Similar to Tigerair, AirAsia also levies a S$18 processing fee for payment made via credit card. Remembering that the airfare being only S$58, the fee easily amounts to a surcharge of more than 30%.

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In contrast, when paying via eNETs, which requires internet banking facility, the fee will decrease S$4. That is more than three-quarters of the initial fee.

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Scoot: Singapore-Bangkok return

Technically Scoot and Tigerair are both SIA subsidiaries, so it’s small wonder that the approach to payment is fairly similar. I pulled an itinerary for Bangkok, departing 18th Oct and returning 25th Oct. At S$102.68, it’s a so so deal, but can still be good for a quick getaway.

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Credit card payments again attract a S$20 processing fee, which adds about 17% to the package.

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Payment for Scoot has its limitations. It is restricted to either credit cards or voucher. An important point to note will be that such vouchers are limited to only Scoot flights. Scoot does not really inform their passengers about the limitations of the vouchers up front. I have had a rather unpleasant surprise because of this not too long ago).

It was until recently when I saw that payment via SingPost post office or SAM machines can be an option. Without a doubt, it is likely to be cheaper than paying via that plastic card. While the queues at post offices can be quite challenging at times, SAM machines are often conveniently accessible (much like their AXS counterparts).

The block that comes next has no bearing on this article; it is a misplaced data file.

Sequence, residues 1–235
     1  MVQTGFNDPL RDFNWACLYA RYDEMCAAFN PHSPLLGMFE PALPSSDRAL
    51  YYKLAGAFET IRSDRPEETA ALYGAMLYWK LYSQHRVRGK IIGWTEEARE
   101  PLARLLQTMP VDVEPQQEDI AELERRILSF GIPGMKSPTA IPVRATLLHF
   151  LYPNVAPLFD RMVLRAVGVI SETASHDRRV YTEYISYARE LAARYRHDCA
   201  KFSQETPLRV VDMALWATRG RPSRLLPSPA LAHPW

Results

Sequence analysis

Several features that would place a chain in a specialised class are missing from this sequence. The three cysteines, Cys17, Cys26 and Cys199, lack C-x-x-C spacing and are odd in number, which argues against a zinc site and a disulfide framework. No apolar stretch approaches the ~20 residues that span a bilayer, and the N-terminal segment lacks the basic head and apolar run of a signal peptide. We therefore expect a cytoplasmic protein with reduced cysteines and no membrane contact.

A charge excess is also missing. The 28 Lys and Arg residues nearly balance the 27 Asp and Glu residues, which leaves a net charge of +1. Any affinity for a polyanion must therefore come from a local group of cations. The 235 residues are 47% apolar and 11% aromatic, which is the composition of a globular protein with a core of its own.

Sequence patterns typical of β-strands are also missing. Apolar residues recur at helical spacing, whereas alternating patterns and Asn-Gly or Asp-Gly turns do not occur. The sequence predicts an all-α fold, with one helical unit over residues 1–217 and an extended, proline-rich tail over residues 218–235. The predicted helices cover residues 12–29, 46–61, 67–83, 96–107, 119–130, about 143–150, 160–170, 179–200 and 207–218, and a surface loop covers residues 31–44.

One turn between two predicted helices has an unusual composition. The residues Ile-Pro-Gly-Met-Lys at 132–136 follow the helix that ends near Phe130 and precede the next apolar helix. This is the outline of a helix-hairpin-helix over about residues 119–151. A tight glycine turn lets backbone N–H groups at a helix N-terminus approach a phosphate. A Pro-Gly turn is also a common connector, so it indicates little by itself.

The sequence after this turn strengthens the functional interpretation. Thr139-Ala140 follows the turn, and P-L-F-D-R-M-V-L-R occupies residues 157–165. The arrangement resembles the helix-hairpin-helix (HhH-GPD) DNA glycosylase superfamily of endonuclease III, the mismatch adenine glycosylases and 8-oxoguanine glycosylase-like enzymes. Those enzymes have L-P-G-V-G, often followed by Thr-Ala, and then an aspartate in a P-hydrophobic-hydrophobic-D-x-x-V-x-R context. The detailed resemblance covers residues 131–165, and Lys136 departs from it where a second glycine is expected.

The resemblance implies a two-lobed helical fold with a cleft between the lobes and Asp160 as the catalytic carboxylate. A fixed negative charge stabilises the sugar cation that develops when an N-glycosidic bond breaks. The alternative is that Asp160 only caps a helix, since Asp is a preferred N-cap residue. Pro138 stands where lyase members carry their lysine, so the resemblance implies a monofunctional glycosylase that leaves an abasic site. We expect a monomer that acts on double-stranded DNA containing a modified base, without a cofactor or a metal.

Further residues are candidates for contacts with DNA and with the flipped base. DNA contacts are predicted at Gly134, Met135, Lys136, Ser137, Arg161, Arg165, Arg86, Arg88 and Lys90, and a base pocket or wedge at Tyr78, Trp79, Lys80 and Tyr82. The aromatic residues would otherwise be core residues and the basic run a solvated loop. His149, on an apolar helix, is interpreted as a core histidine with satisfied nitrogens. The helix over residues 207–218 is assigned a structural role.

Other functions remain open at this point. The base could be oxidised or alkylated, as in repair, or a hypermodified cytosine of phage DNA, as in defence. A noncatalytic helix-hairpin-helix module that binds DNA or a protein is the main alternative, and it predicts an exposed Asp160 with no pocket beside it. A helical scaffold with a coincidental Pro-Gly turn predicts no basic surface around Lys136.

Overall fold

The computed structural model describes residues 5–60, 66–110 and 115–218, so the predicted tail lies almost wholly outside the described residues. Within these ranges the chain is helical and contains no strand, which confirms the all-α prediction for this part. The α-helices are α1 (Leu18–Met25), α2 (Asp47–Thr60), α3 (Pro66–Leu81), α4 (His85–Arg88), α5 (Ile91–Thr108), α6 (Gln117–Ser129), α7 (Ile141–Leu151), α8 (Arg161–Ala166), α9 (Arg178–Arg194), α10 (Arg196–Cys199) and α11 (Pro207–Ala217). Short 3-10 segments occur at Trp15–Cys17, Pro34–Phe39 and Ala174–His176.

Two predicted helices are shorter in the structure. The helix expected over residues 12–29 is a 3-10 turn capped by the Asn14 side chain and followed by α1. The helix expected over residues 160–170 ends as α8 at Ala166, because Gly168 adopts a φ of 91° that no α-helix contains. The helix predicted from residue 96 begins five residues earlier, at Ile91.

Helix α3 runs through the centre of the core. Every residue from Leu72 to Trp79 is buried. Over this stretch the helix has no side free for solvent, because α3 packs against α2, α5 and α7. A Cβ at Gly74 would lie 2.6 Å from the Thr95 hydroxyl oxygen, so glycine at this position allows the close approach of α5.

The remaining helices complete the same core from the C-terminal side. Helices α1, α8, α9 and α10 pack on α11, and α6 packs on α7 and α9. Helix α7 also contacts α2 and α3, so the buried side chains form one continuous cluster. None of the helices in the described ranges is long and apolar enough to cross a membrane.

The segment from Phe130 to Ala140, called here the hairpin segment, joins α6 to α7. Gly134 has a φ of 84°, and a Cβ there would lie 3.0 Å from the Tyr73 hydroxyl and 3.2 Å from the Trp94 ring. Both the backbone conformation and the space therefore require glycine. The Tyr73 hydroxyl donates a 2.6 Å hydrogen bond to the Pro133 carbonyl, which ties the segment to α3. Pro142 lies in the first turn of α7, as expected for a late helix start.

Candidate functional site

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I suspect paying via SingPost is still on trial for Scoot, since that option has been intermittent. Furthermore, it’s unlikely that the processing charge will remain S$0 (there is no free lunch in the world, less so on budget carriers). Nevertheless, judging by Tigerair’s practice, the processing fee for paying via Singpost is likely to be significantly cheaper than paying via credit card.

Scoot allows their vouchers to be purchased. While it is technically possible to purchase a voucher and use it to book tickets at zero fees, there are risks associated with it. For one, ticket prices fluctuate and you might find that the voucher is insufficient to cover the ticket price, and you have to pay the balance by credit card (imaging paying S$20 as processing fee for a balance of S$5!). Secondly, note that Scoot sells Tigerair itineraries on its website, but vouchers cannot be applied for those bookings.

Conclusion:

Having invested the effort to do your research and budgeting carefully, it is unwise to allow unpleasant cost surprises at the final mile of planning ruin your holiday. It’s great practice to always have your iBanking token ready or start to know the AXS around you.

Cheers to a great holidays!

Disclaimer:

Prices taken are as of 21 Sep and 25 Sep 2016.

Some prices may appear different as ticket prices may fluctuate at times of taking screenshots.